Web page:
The past few days, I’ve been so wrapped up in trying to figure out whether or not TV makes you smarter that I haven’t had time to watch very much of it (which, depending on your point of view, must be either raising or lowering my IQ). But thanks to the eagle eye of Lost Remote’s Cory Bergman, I was able to catch this Daily Show segment from last Tuesday night, in which Jon Stewart eviscerates the cable news shows’ recent attempts to incorporate blog posts into their news coverage. The clips Stewart shows, from CNN’s Inside Blogs and MSNBC’s Connected Coast to Coast, hilariously demonstrate what should have been obvious to producers long before these shows were developed: Blogs make for deadly boring TV.
On Connected, which I reviewed back when it premiered in February (click here and scroll down), the only thing scarier than Ron Reagan and Monica Crowley’s fixed smiles (’cause they’re the nice dueling anchors, see?) is this sprightly injunction, repeated twice daily: “Let’s see what the bloggers have to say!” Translation: “Let’s see what the first blogger we found on Technorati has to inarticulately scribble—but let’s see it in 10-point type, on a muddy laptop screen filmed by a TV camera, while an anchorperson looms in the corner of the frame, reading aloud while scrolling down.” Other news segments, in which bloggers themselves are interviewed—their heads framed in tiny windows, embedded in a graphic of their own homepage—sometimes feature better commentary, but they combine, in Stewart’s words, “the visual pizzazz of a text file with the deep insight of a 90-second cable news segment.”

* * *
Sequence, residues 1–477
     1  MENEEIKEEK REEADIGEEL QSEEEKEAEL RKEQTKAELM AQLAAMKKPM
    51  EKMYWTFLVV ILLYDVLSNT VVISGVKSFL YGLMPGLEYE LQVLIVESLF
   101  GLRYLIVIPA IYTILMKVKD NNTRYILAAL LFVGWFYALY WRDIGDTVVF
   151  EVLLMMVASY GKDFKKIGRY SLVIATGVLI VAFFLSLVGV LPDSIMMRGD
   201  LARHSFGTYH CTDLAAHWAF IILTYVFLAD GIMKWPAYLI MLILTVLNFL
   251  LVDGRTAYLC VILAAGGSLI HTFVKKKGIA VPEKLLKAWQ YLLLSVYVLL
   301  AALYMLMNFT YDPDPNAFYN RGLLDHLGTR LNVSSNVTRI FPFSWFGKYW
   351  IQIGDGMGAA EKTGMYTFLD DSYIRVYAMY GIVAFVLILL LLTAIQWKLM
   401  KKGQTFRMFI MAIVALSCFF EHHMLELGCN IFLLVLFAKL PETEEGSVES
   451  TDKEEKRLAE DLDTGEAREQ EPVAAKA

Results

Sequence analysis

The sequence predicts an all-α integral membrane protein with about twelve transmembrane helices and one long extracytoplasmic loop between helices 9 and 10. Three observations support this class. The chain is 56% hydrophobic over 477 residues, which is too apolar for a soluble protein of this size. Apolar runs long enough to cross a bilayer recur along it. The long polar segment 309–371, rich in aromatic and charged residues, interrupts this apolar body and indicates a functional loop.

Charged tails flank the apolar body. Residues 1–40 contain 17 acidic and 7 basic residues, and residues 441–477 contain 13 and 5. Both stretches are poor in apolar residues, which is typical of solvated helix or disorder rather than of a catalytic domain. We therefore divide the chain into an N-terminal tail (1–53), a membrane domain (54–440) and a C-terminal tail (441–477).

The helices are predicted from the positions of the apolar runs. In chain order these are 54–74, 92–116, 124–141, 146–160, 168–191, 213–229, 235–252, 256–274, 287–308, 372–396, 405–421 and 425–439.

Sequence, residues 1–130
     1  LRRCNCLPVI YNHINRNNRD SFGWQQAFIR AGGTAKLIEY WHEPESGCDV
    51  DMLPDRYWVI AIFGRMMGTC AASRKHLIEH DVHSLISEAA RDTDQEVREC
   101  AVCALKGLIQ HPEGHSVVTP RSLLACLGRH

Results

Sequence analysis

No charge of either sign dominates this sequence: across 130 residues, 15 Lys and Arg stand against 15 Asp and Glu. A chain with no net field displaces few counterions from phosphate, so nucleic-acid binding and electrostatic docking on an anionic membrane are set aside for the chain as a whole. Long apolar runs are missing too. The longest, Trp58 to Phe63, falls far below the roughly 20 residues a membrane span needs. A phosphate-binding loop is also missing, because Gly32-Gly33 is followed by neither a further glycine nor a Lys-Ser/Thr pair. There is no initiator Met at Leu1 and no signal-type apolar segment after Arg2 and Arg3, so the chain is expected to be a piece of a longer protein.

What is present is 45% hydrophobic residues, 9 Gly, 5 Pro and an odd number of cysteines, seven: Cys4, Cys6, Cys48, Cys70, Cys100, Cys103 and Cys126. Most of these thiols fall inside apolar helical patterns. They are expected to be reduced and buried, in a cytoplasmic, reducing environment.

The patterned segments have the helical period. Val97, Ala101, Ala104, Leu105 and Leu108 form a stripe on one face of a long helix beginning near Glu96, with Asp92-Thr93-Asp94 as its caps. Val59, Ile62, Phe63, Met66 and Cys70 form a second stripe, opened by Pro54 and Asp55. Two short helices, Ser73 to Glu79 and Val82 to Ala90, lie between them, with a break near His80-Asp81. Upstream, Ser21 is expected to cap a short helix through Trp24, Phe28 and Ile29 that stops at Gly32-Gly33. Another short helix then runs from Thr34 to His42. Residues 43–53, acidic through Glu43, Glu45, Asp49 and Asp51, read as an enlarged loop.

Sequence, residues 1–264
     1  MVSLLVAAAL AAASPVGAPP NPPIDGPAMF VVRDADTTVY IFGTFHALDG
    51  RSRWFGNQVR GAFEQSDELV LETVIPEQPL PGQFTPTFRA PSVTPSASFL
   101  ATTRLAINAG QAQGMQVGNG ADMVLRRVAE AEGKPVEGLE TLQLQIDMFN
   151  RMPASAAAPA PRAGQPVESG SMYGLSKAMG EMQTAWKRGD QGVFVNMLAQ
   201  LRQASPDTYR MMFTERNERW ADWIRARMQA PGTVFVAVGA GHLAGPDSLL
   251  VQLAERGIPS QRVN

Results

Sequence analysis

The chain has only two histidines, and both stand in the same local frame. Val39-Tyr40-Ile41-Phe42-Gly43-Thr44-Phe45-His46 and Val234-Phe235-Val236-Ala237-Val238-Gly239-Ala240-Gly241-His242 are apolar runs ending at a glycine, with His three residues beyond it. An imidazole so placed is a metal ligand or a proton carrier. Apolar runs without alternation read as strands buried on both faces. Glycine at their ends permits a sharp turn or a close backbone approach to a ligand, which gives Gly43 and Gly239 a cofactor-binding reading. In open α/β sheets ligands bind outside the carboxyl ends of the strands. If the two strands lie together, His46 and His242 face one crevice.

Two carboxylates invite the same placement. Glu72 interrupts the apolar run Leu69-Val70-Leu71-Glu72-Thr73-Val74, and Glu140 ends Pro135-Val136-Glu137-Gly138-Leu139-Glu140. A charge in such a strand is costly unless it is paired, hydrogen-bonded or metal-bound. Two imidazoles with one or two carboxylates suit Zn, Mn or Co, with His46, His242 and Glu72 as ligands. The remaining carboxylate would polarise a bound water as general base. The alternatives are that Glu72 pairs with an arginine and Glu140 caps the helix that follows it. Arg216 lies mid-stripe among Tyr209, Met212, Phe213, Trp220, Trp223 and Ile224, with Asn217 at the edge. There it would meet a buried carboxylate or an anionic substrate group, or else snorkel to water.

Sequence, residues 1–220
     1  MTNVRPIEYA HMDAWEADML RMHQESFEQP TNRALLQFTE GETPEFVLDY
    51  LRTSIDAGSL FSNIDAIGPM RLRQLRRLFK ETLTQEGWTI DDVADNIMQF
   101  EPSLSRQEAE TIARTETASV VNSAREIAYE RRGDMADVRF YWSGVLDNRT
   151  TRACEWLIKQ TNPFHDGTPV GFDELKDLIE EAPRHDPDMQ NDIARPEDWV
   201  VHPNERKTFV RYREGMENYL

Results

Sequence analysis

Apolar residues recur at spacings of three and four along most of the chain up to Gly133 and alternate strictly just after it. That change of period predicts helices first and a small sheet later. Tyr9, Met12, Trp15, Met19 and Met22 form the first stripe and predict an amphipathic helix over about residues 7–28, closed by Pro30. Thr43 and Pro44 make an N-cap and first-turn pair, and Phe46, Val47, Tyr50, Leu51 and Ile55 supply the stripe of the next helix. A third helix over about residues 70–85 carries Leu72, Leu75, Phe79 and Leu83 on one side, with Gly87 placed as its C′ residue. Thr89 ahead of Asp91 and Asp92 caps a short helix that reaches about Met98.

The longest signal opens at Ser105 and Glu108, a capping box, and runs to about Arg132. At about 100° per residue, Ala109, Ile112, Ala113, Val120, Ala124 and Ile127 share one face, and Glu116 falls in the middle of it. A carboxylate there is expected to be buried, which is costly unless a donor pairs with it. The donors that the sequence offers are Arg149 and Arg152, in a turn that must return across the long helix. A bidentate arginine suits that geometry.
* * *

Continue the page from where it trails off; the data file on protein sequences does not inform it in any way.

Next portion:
Trying to do justice to the blog world on TV is like (to quote either Frank Zappa, Laurie Anderson, Elvis Costello, or any one of a dozen other possible sources) “dancing about architecture.” The two media just don’t mix—or rather, unfortunately for network execs, the mix only works one way. TV clips are common currency on the Web—see the above link to the Daily Show clip, via Lost Remote—but the lively interactivity of Web discourse is entirely lost on the TV screen. Looking at a filmed image of a blog post feels about as much like reading one as glancing at a dim photocopy of a 1972 Playboy centerfold feels like having sex.
Stewart also mentions the growing phenomenon of the “anchor blog”—forums for the networks’ hosts to tie up the loose ends of their on-air bloviations. I’d say more about these, but that would involve reading them. The point is, we don’t want Joe Scarborough or Keith Olbermann or Dan Abrams to be sitting around MSNBC headquarters blogging (if in fact they do write the blogs attributed to them). We want them to be preparing for the guests on their shows, checking the reporting on their stories, and generally acting like journalists. TV journalism can only hope to compete with the new media that threaten to eclipse it by remaining resolutely unhip and using the resources it does have—good visuals, professional reporters, and lots and lots of money—to tell it like it is.